When one is a woman, when one is writing poems, when one is drawn through a passion to know people today and the web in which they, suffering, find themselves, to learn the people, to dissect the web, one deals with the processes themselves. To know the processes and the machines of process: plane and dynamo, gun and dam.
— Muriel Rukeyser
I am thinking about money. Why must she behave this way?
I have written field notes on globalization, strip-mall histories. Now I have an obsession.
In May 2009, I began recording the closing number of the Dow Jones Industrial Average. I’ve plugged those numbers into Project Gutenberg, Bartlett's quotations, and various search engines to reveals lines from Paradise Lost, phrases from the Bible, many unexpected sources. I allow those texts to exert their influence over a series of poems much in the same way the closing number of the Dow exerts an influence over our lives.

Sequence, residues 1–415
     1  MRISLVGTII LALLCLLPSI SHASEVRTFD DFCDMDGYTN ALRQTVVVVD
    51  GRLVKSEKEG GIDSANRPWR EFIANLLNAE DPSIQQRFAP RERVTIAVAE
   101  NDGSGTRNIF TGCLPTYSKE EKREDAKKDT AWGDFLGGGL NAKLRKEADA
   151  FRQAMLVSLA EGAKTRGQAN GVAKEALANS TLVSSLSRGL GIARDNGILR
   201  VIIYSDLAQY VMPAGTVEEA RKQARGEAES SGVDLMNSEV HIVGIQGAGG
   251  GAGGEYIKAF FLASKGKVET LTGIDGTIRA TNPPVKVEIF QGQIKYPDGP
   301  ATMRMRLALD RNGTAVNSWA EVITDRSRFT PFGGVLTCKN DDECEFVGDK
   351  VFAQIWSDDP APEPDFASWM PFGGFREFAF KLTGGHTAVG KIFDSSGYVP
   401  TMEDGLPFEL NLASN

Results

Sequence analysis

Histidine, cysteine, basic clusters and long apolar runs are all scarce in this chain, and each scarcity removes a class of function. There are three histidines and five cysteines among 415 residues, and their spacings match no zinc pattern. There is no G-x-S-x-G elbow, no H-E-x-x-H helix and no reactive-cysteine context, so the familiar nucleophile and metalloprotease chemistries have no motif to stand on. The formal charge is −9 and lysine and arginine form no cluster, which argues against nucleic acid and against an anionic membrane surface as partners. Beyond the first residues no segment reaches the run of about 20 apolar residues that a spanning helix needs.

Every day has a number attached to it. Great additions, subtractions. This is not just an aesthetic problem (see Ashbery). There is a “natural impulse toward the boundedness of closure.” The bell rings, trading stops. But “the world is unfinished” (Hejinian). Across the dateline, markets open. Both the rivers and their banks are moving. The poem remains incomplete. The trading day long over.
I do not believe if I follow the Dow I will become enlightened, but I often check the numbers, sit for meditation.
Even when we think we are at the end, there are decimals.